You will be rewarded, if you read to this strange, but interesting sentence “This places a University between-a-rock-and-a-hard-place.” …
This email made my day, and provided a nice possible motto for our upcoming T Summit 2014…
“United we stand; divided, we fall. No one can be passive.”
….posted with permission (and of course, these are Geanie’s opinions not those of her employer, just as these blog posts are mine, and not those of my employer)
Yes, that would be what we would want in an industry partnership with Purdue Polytechnic Institute: (1) industry would provide real-world challenges, tools, data, coaches for the student projects, and (2) some of the best students get industry mentorship or internships or hired as employees.
As you know from your days in academia, most faculty desperately need industry partnerships in order to know about what the market needs are, how industry functions, and other important touch-points that Industry monitors daily.
In addition to the complaints from the public on how a college degree costs too much and the strong pressure to quicken the pace to confer degrees, Universities have been hit from the other side by industry saying that we do not adequately prepare our students for the job market.
How can we cut-back on important knowledge to shorten graduation time, still teach critical thinking, plus provide a student with the opportunity that they “have what it takes” to complete a rigorous degree, and yet address industry’s valid concerns? (The “what it takes” component seems to have evaporated from the buzz on education.)
This places a University between-a-rock-and-a-hard-place.
I see where the Purdue Polytechnic Institute offers one possible solution to this quandary, but the only way these types of programs can be successful is if companies also play a significant role. It is more than just funding, but mentorships, internships, input on curriculum, and so forth. Yes, Universities must change the way they educate (and conduct research, which is a whole separate topic) for the future. However, in the words of one of our great forefathers, “United we stand; divided, we fall.” This means that industry, the government, K-12 schools, parents, universities, AND the student all must play an active role. No one can be passive.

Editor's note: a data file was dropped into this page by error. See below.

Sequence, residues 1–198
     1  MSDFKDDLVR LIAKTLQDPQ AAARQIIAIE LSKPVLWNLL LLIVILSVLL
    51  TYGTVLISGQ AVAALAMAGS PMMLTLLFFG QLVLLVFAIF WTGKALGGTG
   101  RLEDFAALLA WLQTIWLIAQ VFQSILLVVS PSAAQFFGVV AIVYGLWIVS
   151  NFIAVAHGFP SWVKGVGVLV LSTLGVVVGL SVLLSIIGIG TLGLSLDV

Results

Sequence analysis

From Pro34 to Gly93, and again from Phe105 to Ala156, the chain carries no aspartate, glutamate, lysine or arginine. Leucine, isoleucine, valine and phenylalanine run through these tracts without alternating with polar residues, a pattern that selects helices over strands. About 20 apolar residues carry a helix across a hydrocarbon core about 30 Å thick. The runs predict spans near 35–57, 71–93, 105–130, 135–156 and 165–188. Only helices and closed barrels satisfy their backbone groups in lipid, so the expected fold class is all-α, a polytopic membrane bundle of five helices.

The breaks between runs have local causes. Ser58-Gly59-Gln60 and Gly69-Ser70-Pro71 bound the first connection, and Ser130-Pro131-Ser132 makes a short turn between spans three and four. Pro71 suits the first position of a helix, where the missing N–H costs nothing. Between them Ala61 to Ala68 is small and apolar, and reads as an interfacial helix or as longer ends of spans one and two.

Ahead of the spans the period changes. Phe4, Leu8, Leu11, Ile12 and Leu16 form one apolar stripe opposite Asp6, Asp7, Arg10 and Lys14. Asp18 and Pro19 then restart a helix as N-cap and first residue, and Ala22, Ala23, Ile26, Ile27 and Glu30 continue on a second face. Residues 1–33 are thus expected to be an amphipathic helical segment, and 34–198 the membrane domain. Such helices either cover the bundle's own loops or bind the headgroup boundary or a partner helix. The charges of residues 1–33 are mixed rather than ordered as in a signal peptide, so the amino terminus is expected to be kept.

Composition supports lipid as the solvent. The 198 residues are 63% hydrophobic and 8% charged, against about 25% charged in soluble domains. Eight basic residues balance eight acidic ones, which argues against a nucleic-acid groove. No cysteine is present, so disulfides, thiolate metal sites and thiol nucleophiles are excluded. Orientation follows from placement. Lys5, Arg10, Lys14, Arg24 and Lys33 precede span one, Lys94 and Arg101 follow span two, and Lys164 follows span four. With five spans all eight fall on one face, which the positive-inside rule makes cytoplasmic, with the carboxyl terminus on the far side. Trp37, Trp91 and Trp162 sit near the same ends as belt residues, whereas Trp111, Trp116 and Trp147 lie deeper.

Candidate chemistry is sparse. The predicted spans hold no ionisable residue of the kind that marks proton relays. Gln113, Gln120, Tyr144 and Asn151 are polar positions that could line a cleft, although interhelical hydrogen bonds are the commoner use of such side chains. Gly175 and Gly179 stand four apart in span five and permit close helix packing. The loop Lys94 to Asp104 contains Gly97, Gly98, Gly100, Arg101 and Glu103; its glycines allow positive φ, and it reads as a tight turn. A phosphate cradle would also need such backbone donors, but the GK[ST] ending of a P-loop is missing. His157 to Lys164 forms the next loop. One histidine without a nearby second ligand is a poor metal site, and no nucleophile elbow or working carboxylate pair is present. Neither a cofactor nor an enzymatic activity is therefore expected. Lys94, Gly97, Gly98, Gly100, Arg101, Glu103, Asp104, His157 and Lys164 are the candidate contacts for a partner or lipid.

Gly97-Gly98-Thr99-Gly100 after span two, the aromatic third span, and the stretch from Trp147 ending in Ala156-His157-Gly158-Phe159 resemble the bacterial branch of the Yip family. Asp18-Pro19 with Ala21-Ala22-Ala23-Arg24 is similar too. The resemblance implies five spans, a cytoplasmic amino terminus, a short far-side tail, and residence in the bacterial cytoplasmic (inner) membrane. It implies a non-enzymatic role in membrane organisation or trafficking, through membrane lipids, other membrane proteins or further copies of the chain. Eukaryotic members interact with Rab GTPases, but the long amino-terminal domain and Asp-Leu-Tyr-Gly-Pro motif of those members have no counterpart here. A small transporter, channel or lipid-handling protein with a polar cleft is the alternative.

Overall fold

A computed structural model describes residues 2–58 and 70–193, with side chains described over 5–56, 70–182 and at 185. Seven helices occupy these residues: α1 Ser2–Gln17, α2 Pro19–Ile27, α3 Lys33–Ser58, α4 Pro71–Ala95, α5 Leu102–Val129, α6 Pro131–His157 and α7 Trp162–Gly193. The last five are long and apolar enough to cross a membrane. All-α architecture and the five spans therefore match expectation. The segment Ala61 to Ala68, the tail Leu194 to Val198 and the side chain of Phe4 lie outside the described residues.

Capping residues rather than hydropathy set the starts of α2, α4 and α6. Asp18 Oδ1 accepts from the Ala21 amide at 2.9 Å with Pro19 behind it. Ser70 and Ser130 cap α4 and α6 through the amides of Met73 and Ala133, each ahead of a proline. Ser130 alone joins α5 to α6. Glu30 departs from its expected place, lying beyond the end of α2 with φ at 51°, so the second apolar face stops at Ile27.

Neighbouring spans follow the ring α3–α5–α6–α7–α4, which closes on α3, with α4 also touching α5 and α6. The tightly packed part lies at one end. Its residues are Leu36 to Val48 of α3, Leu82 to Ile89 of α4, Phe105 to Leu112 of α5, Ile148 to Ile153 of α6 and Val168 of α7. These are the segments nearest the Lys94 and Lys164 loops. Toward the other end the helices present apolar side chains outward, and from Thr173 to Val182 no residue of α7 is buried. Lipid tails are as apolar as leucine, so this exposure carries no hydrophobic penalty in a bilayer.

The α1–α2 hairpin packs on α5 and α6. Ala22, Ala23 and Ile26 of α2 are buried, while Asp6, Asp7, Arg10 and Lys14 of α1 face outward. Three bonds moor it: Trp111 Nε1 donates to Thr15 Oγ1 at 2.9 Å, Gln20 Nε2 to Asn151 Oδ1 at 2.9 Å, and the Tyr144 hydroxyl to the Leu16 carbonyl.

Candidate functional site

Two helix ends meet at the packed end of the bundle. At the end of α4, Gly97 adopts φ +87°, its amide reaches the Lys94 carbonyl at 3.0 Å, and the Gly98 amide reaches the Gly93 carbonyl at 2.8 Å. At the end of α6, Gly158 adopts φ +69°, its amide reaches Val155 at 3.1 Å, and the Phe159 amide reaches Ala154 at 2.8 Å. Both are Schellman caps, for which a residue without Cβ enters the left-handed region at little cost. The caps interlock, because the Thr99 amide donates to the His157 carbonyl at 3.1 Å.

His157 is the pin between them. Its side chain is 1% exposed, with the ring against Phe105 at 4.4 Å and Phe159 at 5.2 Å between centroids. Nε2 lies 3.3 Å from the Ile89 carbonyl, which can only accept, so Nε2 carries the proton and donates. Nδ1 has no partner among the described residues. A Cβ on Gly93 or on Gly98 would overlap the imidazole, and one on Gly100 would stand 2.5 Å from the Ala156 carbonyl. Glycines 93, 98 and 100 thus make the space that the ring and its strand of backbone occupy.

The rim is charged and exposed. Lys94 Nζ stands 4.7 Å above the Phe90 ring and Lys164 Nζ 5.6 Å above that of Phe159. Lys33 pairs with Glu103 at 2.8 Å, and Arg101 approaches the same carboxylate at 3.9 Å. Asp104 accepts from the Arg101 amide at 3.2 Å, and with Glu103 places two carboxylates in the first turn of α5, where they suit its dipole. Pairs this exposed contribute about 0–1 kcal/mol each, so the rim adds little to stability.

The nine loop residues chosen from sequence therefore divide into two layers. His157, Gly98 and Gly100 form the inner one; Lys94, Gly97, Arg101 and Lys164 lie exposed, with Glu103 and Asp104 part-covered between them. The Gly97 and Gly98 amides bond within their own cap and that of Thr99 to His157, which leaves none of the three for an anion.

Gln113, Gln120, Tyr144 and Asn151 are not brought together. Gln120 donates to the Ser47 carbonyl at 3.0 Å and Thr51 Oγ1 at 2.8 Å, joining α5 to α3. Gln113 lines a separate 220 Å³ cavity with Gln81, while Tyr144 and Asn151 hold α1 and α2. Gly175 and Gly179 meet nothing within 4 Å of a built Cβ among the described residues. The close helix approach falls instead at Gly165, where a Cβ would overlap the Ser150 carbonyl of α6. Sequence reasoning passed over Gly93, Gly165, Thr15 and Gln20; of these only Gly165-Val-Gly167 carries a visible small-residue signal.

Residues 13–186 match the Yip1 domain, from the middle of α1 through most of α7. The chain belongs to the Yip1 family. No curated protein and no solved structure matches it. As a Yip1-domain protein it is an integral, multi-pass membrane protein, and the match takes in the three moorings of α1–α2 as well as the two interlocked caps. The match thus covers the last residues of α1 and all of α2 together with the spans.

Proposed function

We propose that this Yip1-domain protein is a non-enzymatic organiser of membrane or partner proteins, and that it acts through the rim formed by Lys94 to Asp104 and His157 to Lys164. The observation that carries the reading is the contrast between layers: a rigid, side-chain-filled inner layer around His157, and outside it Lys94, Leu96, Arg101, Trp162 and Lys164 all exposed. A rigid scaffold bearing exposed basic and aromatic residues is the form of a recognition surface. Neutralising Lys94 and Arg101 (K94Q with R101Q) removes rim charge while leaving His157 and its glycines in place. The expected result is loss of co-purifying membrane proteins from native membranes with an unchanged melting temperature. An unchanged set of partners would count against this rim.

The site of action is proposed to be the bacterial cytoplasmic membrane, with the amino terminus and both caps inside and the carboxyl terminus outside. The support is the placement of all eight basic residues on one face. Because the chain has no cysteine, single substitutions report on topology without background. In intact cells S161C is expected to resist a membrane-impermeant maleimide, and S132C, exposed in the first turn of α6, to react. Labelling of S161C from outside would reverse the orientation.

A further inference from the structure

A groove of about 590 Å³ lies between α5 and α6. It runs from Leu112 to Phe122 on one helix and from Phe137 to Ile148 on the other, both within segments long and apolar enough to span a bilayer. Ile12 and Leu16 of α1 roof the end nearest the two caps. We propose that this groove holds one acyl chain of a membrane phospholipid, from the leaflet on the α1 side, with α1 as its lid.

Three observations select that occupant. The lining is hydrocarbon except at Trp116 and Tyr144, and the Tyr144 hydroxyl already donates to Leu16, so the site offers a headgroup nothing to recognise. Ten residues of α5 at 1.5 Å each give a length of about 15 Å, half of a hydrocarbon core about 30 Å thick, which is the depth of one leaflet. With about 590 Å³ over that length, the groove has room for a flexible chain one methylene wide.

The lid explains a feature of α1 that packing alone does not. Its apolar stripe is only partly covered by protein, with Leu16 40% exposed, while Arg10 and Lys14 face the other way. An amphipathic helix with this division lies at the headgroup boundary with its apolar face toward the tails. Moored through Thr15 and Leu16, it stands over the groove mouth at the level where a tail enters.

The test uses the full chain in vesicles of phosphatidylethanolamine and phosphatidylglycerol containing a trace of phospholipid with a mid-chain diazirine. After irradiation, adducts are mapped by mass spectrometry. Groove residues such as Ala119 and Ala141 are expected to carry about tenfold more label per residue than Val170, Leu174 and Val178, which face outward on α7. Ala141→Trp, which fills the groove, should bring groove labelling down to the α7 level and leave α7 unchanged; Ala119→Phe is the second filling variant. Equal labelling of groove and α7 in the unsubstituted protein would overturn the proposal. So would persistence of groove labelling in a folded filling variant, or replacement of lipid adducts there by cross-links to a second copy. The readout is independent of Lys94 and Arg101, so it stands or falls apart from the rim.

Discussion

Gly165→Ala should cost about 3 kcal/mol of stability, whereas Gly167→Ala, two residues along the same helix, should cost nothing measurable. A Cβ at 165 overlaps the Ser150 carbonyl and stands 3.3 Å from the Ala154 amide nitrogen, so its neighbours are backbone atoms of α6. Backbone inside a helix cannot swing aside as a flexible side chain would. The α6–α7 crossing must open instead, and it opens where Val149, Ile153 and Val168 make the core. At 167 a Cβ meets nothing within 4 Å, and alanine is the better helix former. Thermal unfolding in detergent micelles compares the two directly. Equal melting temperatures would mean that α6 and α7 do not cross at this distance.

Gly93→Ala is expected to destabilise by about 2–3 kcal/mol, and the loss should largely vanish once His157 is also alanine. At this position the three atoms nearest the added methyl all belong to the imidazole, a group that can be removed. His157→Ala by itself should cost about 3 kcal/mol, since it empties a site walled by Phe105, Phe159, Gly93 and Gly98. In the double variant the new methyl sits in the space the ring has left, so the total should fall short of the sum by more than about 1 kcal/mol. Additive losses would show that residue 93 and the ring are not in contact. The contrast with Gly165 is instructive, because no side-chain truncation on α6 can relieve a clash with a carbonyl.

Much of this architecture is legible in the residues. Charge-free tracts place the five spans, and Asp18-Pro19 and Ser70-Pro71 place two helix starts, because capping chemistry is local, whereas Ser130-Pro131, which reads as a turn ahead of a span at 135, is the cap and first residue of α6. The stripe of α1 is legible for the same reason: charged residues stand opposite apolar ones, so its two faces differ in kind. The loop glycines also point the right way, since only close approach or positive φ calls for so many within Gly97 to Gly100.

Students cannot expect to be spoon-fed information they then spit back on an exam, and just because they were accepted to college does not guarantee they automatically get a degree and a great job. Certain character-building components must be there as well. Students who want an economical short experience have to be serious with their focus and not jump major-to-major. (A number of colleges have stats that show a student taking 5 to 6 years to graduate, how much of this is due to jumping majors? I don’t know….how do we add internships and/or co-ops?) We need to devise effective programs that help students determine (1) if they want to even go to college; (2) give them viable options and assistance if they don’t; and (3) if they do go to college, help them zero in on the career to reduce the jumping around. Once the student goes to college, we need to make sure certain skills (soft and hard) are provided to the students and industry and the university collaborate. Students who want to jump around and explore, must understand there are very real economic and time costs. Perhaps the jumping around and exploring more paths actually creates a student that is better rounded, and better T-shaped boundary spanner – but it comes at a big cost in the current university structures, and impacts measures the public watches carefully – cost to degree, time to degree.
To be totally honest, I am unaware if any robust programs like I am thinking of which might address this gap to discern careers, etc. To my limited knowledge, no one has devised a way to address this gap. The conversation is buzzing around the area, but not landed on that specific topic just yet.
I could go on, but I think I have bored you enough so it is time for me to jump off my soapbox and put it away.
Please let me know if you would like to talk further about the Purdue Polytechnic Institute, and thanks for reading this far.